A textured dot painting on canvas with a curve of white concentric U shapes flowing from the lower left corner to the top right with a dotted background of pink, purple, yellow, red and green. In the top left are 17 variously sized oval-shaped concentric rings close together with yellow and green dots around them. The bottom right has a purple curved line with three green circles with orange, red and brown borders below it. In the lower central area there are circles in green with dotted orange centres and yellow circles with brown edges connected by lines on a background of cream, orange, yellow and brown dots. The top edge of the painting has text which reads 'JAKAYU BILJIBU" while the bottom edge has "182 x 122".
This painting describes the journey of the Minyipuru (Seven Sisters) while they were still travelling as a large group of sisters and their mothers. The white U-shapes represent them as they flew close to Parnngurr, where women's law tells that an important event took place. Afterwards, they flew on to Kalypa (well 23 on the Canning Stock Route). The dance for this site is performed by both men and women. Jakayu is a senior Martu custodian for this Jukurrpa.
In Aboriginal cultures across Australia, and in other cultures around the world, the Pleiades star cluster is associated with the story of the Seven Sisters. Minyipuru Jukurrpa is the Martu version of this story. When Martumili Artists was established in 2005, this was the first Dreaming story the Martu women agreed to paint for a broader public.
The Minyipuru began their journey from Roebourne in Western Australia as a big group of sisters and their mothers. At various places along the way, they lost members of their party until eventually only seven sisters remained. At Kalypa (well 23) the Minyipuru met a group of Jukurrpa men; it was the first time either group had seen members of the opposite sex. The men tried to grab the women, but the Minyipuru chased them, hitting them with their digging sticks and leaving them lying there. At Pangkapini the sisters met Yurla, an old man who had followed them from Roebourne. Yurla grabbed one of the women at Pangkapini, but her sisters tricked him and managed to rescue her. At another site further east, he tried to catch five of the sisters, but again they escaped, flying on to Marapinti (near Kiwirkurra).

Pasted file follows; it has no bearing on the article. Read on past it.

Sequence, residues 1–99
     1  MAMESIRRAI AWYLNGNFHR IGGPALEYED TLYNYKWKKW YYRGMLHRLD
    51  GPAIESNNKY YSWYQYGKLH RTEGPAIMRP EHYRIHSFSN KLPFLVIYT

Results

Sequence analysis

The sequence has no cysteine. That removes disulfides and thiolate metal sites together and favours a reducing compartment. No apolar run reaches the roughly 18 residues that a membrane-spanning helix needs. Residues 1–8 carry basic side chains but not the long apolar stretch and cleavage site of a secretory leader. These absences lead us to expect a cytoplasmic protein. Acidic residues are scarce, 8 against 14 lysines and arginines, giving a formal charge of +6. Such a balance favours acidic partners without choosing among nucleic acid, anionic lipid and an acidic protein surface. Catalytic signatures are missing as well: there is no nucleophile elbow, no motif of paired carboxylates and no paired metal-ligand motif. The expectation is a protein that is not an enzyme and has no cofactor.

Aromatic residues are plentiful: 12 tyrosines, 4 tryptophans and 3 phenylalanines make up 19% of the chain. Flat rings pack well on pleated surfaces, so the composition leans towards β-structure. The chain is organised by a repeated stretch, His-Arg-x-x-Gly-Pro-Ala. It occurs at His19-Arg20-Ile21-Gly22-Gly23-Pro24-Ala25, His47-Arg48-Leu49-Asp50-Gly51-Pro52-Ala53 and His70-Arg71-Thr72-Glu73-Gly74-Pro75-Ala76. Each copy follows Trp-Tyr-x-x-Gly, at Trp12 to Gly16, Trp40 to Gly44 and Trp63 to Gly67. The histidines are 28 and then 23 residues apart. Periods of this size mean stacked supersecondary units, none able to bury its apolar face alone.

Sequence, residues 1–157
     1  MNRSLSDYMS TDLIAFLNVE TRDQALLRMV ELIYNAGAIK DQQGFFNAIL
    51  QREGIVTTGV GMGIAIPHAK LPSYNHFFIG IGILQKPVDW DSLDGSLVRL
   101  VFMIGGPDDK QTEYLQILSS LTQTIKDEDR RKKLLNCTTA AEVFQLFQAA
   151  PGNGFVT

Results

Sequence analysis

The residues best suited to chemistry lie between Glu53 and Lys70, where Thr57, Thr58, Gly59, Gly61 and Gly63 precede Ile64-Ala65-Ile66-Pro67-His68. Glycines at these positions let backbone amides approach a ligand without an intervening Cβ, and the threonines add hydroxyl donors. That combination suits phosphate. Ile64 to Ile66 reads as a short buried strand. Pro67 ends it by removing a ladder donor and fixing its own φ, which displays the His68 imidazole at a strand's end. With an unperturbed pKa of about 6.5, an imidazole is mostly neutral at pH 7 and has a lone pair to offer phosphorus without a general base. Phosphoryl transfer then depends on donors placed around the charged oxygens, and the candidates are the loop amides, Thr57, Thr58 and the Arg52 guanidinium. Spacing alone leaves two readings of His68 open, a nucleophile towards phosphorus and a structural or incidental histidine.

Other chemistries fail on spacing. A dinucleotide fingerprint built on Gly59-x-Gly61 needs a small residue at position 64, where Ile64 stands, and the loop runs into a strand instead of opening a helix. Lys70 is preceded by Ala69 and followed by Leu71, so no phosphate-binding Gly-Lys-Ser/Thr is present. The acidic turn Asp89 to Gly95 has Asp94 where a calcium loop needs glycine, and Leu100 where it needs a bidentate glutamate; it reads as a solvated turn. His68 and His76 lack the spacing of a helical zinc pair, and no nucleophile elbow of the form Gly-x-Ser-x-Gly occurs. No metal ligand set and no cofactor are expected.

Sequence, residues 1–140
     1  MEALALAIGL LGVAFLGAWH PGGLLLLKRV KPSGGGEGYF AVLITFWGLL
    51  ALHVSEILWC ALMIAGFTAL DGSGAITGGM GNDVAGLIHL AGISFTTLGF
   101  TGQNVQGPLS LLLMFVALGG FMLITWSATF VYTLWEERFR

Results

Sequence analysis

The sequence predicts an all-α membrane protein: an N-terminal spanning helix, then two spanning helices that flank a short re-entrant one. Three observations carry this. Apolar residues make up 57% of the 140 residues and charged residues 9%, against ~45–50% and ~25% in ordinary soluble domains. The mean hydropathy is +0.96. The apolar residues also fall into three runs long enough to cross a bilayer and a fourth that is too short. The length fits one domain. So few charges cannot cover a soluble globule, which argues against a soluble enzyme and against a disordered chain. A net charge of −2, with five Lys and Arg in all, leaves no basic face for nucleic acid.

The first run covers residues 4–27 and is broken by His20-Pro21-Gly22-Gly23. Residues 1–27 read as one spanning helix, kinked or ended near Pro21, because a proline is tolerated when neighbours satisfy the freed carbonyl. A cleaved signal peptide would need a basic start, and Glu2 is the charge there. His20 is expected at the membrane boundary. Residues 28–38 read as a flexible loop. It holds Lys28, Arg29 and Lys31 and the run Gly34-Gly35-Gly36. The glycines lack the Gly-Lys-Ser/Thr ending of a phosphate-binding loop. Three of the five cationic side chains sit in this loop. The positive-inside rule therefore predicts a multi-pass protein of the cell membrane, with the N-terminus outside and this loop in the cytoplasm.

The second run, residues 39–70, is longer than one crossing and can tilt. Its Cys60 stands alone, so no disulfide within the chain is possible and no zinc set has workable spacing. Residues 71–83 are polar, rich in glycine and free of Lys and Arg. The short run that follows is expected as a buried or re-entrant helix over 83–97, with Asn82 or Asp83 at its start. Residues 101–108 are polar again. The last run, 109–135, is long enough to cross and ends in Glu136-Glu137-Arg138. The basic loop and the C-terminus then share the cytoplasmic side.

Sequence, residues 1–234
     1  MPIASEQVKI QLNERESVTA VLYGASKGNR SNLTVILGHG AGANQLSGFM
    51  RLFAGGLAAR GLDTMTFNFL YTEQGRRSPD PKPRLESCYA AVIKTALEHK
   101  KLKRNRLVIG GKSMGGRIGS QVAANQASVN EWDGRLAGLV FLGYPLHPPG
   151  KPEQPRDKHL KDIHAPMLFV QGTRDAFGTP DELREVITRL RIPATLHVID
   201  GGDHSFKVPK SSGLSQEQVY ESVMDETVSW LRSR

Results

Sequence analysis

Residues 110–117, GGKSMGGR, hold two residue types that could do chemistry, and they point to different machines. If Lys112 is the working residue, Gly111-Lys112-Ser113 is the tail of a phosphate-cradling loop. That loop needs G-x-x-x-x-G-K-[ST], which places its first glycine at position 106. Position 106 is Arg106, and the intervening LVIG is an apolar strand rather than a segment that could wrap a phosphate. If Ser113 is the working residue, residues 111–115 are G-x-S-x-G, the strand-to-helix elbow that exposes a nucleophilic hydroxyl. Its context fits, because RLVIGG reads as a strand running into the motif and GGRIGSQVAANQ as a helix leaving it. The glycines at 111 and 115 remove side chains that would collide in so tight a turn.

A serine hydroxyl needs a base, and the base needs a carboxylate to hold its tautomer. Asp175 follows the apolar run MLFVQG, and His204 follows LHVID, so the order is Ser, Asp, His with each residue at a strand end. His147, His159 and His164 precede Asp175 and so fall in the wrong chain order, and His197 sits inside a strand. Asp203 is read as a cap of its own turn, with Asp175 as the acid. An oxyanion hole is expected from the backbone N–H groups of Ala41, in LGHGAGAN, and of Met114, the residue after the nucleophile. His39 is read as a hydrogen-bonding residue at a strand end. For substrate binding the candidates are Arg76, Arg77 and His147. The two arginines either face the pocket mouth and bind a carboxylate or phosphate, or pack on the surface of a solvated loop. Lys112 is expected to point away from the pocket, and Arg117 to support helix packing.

Canning Stock Route collection
The Canning Stock Route is a no-longer-used cattle droving route that traverses the Great Sandy and Gibson Deserts of central Western Australia. Comprised of 48 wells along an 1800 kilometres stretch of track, the route links Wiluna in the south with Sturt Creek in the north and traverses the traditional lands of nine Aboriginal language groups. The route was founded in 1905 when Alfred Canning was commissioned to investigate a route suitable for the droving of 500 head of cattle, with water sources spaced at intervals of no more than one day's walk apart. Although Canning's map records observations of the land and water resources, it makes no mention of Indigenous places and their associated meanings which the route traversed. This collection, composed of 'painting stories', sculptural works and oral histories, re-dresses Canning's omission and records the impact of the stock route on Indigenous lives and country. A six week journey with traditional owners held in July and August of 2007 inspired the artworks, many of which were produced during the journey, and provided an opportunity for more than 70 senior and emerging artists to reconnect with traditional lands..
Canvas, Acrylic paint